Organisation Structure Explained

Are you evolving your organisation structure to keep pace with strategy, to accommodate changes in the business, to deliver on objectives, to optimise the use of resources and to enhance the company culture?

To design an effective structure you need to understand the company strategy and operating processes including roles, responsibilities and workflows.

An effective structure provides the framework that enables all levels of your organisation to deliver on objectives. Structure is about the roles, the people in the roles and the links between roles.

Defining your optimal structure can be challenging. It involves asking the right questions on what your structure needs to deliver. This helps you to specify your design criteria. Learn more on my training video and by working through my example questions below and by downloading my free Organisation Structure Questionnaire

Let’s have a look at some important questions to ask as you challenge your structure.


Structure underpins strategy and accelerates delivery:

  • Have you defined what you need your structure to deliver?
  • Are you delivering effectively on both operations and strategy?

Strategy and day to day operations operate at different rhythms and often compete for resources, with operations usually winning out. Build capacity, capability and responsibility for both operations and strategy into your structure to ensure you deliver on both.

The Customer

  • Have you looked at your structure from the customers perspective?
  • Is your structure visible to the customer?
  • Are your points of contact clear and does your structure make it easy for your customer to do business with you?
  • Does your structure support the management of different customer requirements? Differing customer requirements is very often the norm and it can be challenging to be efficient. Build flexibility into your structure.
  • Have you defined the activities that provide value for each of your customers? Apply lean principles to your customer process flows, identifying value add activities for each customer process.

New Business

  • Is your structure flexible enough to integrate new initiatives and new business?
  • Are you set up to manage growth?

The people in your organisation who deliver results, are very often the ones who are assigned new tasks, even if there isn’t a good fit with their role or they are already very stretched. As new initiatives and new business come in to your organisation, take the time to stand back and assess your structure to see where the activities best fit and what changes can be made to your structure to accommodate these effectively.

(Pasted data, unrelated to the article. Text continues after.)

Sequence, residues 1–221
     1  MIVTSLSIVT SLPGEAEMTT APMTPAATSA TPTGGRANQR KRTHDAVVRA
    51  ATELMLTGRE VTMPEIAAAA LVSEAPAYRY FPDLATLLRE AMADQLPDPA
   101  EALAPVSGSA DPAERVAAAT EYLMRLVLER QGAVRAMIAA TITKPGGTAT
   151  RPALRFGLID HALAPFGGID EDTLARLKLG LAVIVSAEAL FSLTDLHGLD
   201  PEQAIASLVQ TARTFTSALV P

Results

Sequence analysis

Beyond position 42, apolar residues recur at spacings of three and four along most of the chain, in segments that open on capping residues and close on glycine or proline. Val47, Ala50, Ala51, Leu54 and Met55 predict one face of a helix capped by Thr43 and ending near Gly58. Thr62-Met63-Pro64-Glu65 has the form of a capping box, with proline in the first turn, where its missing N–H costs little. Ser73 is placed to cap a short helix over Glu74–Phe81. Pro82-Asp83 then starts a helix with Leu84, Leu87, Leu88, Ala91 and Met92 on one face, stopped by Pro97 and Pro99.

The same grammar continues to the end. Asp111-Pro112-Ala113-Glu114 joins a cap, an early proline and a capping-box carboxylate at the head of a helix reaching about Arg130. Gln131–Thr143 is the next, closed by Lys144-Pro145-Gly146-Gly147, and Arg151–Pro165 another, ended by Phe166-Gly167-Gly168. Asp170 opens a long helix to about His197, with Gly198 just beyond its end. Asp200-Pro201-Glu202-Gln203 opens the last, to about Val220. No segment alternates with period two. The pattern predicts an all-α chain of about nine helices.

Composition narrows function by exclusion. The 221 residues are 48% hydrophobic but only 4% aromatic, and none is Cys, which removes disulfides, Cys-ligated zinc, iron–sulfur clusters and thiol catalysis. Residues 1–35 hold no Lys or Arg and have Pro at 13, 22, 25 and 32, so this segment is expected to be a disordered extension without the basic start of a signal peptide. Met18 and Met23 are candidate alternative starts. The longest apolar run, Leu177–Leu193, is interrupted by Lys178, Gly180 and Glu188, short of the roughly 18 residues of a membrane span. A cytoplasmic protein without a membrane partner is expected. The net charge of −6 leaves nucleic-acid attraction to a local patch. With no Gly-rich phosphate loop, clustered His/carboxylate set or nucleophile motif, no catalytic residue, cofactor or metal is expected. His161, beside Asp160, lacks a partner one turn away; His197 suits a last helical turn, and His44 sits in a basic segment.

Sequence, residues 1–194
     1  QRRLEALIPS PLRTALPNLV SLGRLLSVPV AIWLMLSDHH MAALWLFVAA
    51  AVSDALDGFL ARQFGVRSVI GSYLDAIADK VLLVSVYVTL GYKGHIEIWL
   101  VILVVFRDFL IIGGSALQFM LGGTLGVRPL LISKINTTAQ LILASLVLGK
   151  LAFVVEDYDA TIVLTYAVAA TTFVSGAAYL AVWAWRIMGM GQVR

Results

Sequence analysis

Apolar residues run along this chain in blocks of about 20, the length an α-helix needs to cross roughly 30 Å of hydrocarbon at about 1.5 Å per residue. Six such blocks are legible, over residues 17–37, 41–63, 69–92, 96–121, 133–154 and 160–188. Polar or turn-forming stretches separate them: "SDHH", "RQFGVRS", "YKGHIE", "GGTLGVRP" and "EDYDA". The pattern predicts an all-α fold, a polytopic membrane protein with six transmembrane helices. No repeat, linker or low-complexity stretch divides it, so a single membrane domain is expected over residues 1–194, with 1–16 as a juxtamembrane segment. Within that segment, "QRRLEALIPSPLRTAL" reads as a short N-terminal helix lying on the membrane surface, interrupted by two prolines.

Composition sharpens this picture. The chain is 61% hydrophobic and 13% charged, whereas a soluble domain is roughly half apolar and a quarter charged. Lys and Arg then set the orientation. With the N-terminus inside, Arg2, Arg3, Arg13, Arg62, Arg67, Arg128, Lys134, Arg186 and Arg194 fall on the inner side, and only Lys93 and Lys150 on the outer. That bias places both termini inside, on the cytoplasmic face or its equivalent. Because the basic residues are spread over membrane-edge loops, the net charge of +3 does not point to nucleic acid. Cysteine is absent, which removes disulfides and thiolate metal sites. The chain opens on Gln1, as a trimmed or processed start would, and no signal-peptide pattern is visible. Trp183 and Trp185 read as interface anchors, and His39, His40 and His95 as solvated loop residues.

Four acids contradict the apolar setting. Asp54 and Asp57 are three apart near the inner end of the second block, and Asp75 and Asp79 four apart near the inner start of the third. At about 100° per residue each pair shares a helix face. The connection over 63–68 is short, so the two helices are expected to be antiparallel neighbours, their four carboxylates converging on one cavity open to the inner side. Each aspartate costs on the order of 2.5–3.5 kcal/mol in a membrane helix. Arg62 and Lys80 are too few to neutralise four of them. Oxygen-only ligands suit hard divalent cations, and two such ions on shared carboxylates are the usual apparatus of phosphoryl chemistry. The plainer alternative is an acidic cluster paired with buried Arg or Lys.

Learning & Growth

  • Have you built in capacity for learning, growth and succession? The more capable your people are, the more efficient and effective your organisation will be.
  • Does your structure make the best use of available skills and competencies? Have you mapped the available skills and competencies in your organisation against those needed to deliver your strategy and your day to day operations.

Roles & Responsibilities

  • Are the roles in your structure clear?
  • Do people know what is expected of them?
  • Have interdependencies and linkages between roles been identified?
  • Have responsibilities and hand-offs been clarified?
  • Have processes been mapped, steps been clarified and responsibilities been assigned?

Very often where things fall down is the boundaries between jobs or because hand-offs or responsibilities aren’t clear. Identify and address overlaps so you don’t have two people responsible for the same thing and clearly assign responsibility for all critical tasks. Lack of clarity leads to reduced productivity and can often lead to conflict.

Cross Functional Working

  • Does your structure support cross-functional working?
  • Do you leveraging cross-functional skills as a means building capability in your team?
  • Are function agendas aligned? Have you identified disconnects?

As you design your structure build in mechanisms for cross-functional working.


Be sure to involve your team and your key stakeholders in the design process

Translating Design Criteria to Structure

Moving from design criteria to a final structure involves a number of key steps

  • Document the overall role of the function using your design criteria, your operating requirements and your strategy as inputs.
  • Decide whether you will design your structure around your customers, geographies or core processes.
  • Group all like tasks into roles, so there is a logical division of workload. A good fit of activities in a role drives efficiency. There may be trade offs as you look at the best fit of activities, clarify these trade-offs and ensure they don’t affect delivery of objectives.
  • Establish the number of head-counts needed for each role (this may require time studies). In large organisations there may be a number of people doing a similar role. In a small organisation people very often have many different roles.
  • Write a job description for each role type. Where possible build in variety, learning and job enrichment. To learn more about job descriptions check out my Job Descriptions Tutorial
  • On completion of the role types and job descriptions, design a structure that effectively accommodates roles into logical cohesive units, keeping like roles in a group or team. Ideally have no more than 6-8 direct reports per team leader.

Designing and evolving your structure to keep pace with strategy and change is a core skill for managers and leaders. Have you taken the time to build these skills?

Download a copy of the Organisation Structure Questionnaire to help specify design criteria for your structure.

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